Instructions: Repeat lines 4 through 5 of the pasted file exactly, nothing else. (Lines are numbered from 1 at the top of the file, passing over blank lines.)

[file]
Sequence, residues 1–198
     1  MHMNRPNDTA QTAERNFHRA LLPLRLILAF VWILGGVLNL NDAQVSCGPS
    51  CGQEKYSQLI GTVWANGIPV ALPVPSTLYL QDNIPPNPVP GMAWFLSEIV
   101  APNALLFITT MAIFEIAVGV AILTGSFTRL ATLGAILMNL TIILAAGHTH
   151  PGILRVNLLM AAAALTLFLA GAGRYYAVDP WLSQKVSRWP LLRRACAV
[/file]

   101  APNALLFITT MAIFEIAVGV AILTGSFTRL ATLGAILMNL TIILAAGHTH
   151  PGILRVNLLM AAAALTLFLA GAGRYYAVDP WLSQKVSRWP LLRRACAV